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This class contains only an attribute called “sarchTerms”, so the relevant field is annotated with Attribute.
Very easy until now. Let’s check the more complex Movie class:
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This class contains many fields, all of them map to XML element, we don’t want get trouble with writing Element annotations on every fields, so we just add a Default annotation at the class level, indicating that fields of this class should be mapped to default XML element unless explicitly specified. We also need to explicitly provide annotation parameter name on some fields(like original_name, imdb_id, last_modified_at and images) since there is a mismatch between Java field name and corresponding XML element name.
Let’s see the Image class:
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This class includes only attributes so we annotate the fields accordingly, there is no annotation on public static final fields, so these fields are not visable to Nano binding framework at runtime.
Till now, the carefull reader will find that the root MovieSearchResult class has no direct reference to the Movie class(The Movie class also has no direct reference to the Image class), the MovieSearchResult class only reference a container class called MovieContainer, why we need a container class instead of a direct Movie class reference? This is caused by a limitation of current Nano framework, it does not support inline style list yet. By inspecting the sample XML response, you will find a list of movie elements are wrapped in a movies element, but there is no specific annotation for wrapper element, so as a workaround, we build a container class for the wrapper element, below is the definition of the MovieContainer(ImageContainer is similar):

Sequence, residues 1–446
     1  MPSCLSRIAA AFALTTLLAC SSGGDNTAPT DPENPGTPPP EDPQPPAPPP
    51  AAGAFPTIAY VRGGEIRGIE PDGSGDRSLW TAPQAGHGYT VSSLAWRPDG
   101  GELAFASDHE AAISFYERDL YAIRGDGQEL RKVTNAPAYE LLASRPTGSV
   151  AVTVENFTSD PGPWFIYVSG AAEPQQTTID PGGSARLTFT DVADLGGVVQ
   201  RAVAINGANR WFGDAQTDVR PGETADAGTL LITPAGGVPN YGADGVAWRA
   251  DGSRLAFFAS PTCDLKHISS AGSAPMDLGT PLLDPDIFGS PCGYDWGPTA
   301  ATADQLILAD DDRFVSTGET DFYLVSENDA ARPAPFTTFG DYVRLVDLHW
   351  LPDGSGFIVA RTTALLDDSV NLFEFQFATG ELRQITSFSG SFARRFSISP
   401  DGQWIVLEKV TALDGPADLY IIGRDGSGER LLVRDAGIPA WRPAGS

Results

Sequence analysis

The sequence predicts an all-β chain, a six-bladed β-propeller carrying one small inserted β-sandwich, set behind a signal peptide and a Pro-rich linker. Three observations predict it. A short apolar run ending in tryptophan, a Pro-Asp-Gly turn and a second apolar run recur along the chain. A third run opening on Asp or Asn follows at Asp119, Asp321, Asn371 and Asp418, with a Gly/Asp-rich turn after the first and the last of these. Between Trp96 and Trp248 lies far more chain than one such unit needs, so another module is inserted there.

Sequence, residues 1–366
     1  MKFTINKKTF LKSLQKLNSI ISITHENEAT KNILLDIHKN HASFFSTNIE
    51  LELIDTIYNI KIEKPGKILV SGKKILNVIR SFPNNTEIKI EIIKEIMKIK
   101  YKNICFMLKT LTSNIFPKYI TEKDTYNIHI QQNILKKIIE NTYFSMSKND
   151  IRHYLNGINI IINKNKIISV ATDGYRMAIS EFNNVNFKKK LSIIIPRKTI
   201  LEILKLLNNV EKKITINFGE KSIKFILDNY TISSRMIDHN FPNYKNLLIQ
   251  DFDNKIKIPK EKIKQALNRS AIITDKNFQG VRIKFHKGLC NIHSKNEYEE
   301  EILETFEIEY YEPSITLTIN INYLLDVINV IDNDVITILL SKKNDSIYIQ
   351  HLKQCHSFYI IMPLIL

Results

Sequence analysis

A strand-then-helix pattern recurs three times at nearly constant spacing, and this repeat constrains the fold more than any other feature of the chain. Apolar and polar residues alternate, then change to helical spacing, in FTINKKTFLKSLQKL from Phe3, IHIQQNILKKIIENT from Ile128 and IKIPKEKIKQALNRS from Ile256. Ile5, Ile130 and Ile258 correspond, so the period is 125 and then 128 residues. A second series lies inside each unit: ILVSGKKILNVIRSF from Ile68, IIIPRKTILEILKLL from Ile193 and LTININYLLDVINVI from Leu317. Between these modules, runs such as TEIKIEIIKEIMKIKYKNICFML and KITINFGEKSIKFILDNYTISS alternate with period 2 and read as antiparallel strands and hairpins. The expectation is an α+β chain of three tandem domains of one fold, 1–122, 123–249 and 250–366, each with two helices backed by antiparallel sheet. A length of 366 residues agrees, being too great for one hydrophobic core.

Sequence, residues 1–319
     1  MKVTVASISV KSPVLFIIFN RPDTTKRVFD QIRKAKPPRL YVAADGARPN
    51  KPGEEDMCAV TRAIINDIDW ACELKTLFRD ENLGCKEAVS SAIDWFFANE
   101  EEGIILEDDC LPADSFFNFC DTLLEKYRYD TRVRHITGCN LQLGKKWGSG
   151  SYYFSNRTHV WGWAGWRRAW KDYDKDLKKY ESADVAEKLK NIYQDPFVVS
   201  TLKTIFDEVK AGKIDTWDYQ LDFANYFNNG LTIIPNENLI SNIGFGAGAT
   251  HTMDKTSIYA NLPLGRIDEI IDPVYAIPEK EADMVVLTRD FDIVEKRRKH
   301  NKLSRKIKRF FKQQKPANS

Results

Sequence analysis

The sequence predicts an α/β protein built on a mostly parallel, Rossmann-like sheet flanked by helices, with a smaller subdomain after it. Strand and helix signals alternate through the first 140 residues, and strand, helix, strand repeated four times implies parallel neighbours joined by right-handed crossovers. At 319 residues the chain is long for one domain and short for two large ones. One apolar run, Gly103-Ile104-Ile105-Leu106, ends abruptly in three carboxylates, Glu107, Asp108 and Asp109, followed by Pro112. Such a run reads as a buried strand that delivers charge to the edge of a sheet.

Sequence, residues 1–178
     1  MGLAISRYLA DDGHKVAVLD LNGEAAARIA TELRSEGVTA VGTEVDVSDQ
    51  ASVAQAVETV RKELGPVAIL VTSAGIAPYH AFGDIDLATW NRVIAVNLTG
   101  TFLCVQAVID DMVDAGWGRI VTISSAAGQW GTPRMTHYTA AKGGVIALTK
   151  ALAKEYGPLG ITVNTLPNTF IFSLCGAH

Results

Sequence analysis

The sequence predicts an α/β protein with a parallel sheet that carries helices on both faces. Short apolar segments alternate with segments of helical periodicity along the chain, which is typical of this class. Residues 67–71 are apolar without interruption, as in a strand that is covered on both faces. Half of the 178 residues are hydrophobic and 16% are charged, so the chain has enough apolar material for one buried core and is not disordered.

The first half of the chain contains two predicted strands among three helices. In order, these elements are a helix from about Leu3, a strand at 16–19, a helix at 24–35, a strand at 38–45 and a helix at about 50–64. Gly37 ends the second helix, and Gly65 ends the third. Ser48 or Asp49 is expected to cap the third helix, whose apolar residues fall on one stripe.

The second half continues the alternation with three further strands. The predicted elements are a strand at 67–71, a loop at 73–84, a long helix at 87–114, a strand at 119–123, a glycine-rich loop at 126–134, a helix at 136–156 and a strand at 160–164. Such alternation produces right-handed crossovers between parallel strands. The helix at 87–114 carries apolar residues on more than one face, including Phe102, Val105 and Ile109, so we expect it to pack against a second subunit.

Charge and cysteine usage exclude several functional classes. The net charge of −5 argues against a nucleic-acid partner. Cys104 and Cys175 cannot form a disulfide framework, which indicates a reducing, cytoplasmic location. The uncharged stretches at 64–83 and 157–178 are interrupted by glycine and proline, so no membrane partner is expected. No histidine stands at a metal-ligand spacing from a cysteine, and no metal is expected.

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With all domain class mapping defined, the final step is to write the response binding code, this is quite simple since the original author designed the application in a quite clean way, just find the GenericSeeker abstract class in the services package, in the class we define and initialize a Nano xml reader, see below(most irrelevant content of this class is omitted here to save space):
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Then in the concrete MovieSeeker class we bind the HTTP response with MovieSearchResult class instance in Nano way, the binding can’t be simpler, it’s only one java statement, below is an extract of the MovieSeeker class:
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That’s all I have done to adapt the orignal application to use Nano binding instead, now let’s run the sample in emulator(don’t forget to fill in your API key before run), below is a screenshot:
Cool! with automatic annotation driven binding supported by Nano, there is no error-prone and tedious manual xml parsing anymore, the whole application becomes even more cleaner and maintainable. So, when you develop your next xml service based Android application, remember that manual xml parsing is not necessary on Android platform, it can be completely automated by Nano binding framework!
You may get the whole source of the adapted application here.
At last, I would thank the original author again for a great tutorial he has written!